The common misconception is that the job of a manager and all leaders is to tell others what to do. That is indeed false, and managers who believe this have not learned what their role is. The purpose of the manager is not to direct people but to guide them in becoming self-directed to increase performance.
The purpose of the manager is not to direct people but to guide them in becoming self-directed.
Embarking on this new career path requires skills beyond those of being a capable developer or a designer. You're going to be judged not by your code or designs but by how well your team members perform. It is now the time to make the leap from individual contributor to a leader that rallies others to build great products.
“Effective managers are typically not involved in the details of the team’s technical work. Instead, they identify the levers they can pull to add the most value to their teams.” —Julie Zhuo, VP of Product Design at Facebook
The three levers that Zhuo discusses in her book “The Making of a Manager” are:
To help you navigate this challenging journey, here are five simple and practical tips for first-time managers.
Many first-time managers who have been promoted from an operational career position are so distracted by tiny aspects and situations of work projects, that they completely neglect the big picture. Assured that the skills that made them a good product person will make them a good manager, they never stop focusing on the micro-details of the project.
You probably were involved with a small part of the entire process, and you had a deep technical understanding of that area. Now as a manager you have to expand your focus.
How you handle this shift is essential in your first months as a manager. You have to train yourself to move past the details and switch your attention to overall operations. Develop a low tolerance for busywork and day-to-day errands and give yourself at least 30 minutes every day to think about new ideas, goals, feedback and the overarching purpose of your team and your company.
Your use of pronouns can reveal your personality as a manager.
“Studies suggest that people manipulated to focus inward often increase the rate of first-person singular pronouns (such as “I,” “my,” or “me”) used in their speech. By contrast, the researchers theorized that individuals using first-person plural and second-person (such as “we,” “us,” or “you”) ought to demonstrate an outward focus, considering the thoughts, feelings, and behaviors of others.” — Harvard Business Review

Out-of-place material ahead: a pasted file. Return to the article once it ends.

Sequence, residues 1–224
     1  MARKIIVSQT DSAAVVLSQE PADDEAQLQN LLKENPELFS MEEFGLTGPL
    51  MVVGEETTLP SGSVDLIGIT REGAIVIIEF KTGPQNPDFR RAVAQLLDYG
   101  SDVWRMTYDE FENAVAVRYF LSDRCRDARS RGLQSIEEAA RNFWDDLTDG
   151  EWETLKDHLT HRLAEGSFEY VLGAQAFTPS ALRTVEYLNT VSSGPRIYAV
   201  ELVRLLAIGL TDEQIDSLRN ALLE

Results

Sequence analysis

As a manager, it’s your role to put your team’s thinking in the right perspective. Instill a sense of togetherness by building the concept that the only collective that exists is we.
We’re in this together.
Celebrate accomplishments — build a culture of gratitude on your team — by sharing credit but also establish the idea that “We’re in charge of our success, and we should not blame nebulous outside forces” (“them” or “they”).
In your daily communication with your team, the only time when you should use “I” is when you have to accept responsibility personally.
As a new manager, you may think that you have to talk a lot to look smart and authoritative. The truth is that managers have to listen to feedback with the intent to understand in order to respond knowledgeably.
Learning to listen to peers and staff is a skill that needs to be developed like any other managerial skill - step by step.
To assess how well you listen, Jeffrey Gitomer, author of Listening. How to listen with the intent to understand has developed a handy little survey. Answer the questions below and see how well you rank as an effective listener.
Part of becoming a great manager and a leader depends on understanding your own personality. Being aware of the strengths and shortcomings of your leadership style will help you communicate better with your team, advance your career as a manager, and increase the success of those you are guiding.
Finding your leadership style is a long-term process. To expedite this process, we have compiled a list of the 22 types of leadership from the three most common personality profiling tools.
Imagine the typical manager and Herculean pictures come to mind. man or woman standing alone on top of windblown hills, bravely carrying the weight of the whole team on his or her shoulders. This is all about the dream of making the company successful.
It's common for first-time managers in organizations and companies to believe that if you want something done right, you had better do it yourself. These managers are convinced that their team doesn't accept responsibility and rarely admits that it's because he or she refuses to delegate.
“They have so little faith in their subordinates that they trust them with nothing important. What they're really saying is that they don't know how to properly train their people.” —The First-Time Manager, Loren B. Belker, Jim McCormick, and Gary S. Topchik
Micromanaging and constantly controlling your team will bring down their spirit and erode initiative taking.
Instead of offering solutions to your team, try this instead:
As a first-time manager, you have the challenging task to find the right balance between authority and a responsibility to serve. As you embark on this new career path, you have a lot to gain from developing empathy and building trusting relationships with your team as a successful manager. The tips we've shared in this post will serve you well as a starting point in this journey.
We’d love to hear about your experiences as a first-time manager and what you thought about this piece. Let us know on Twitter at @rangelabs.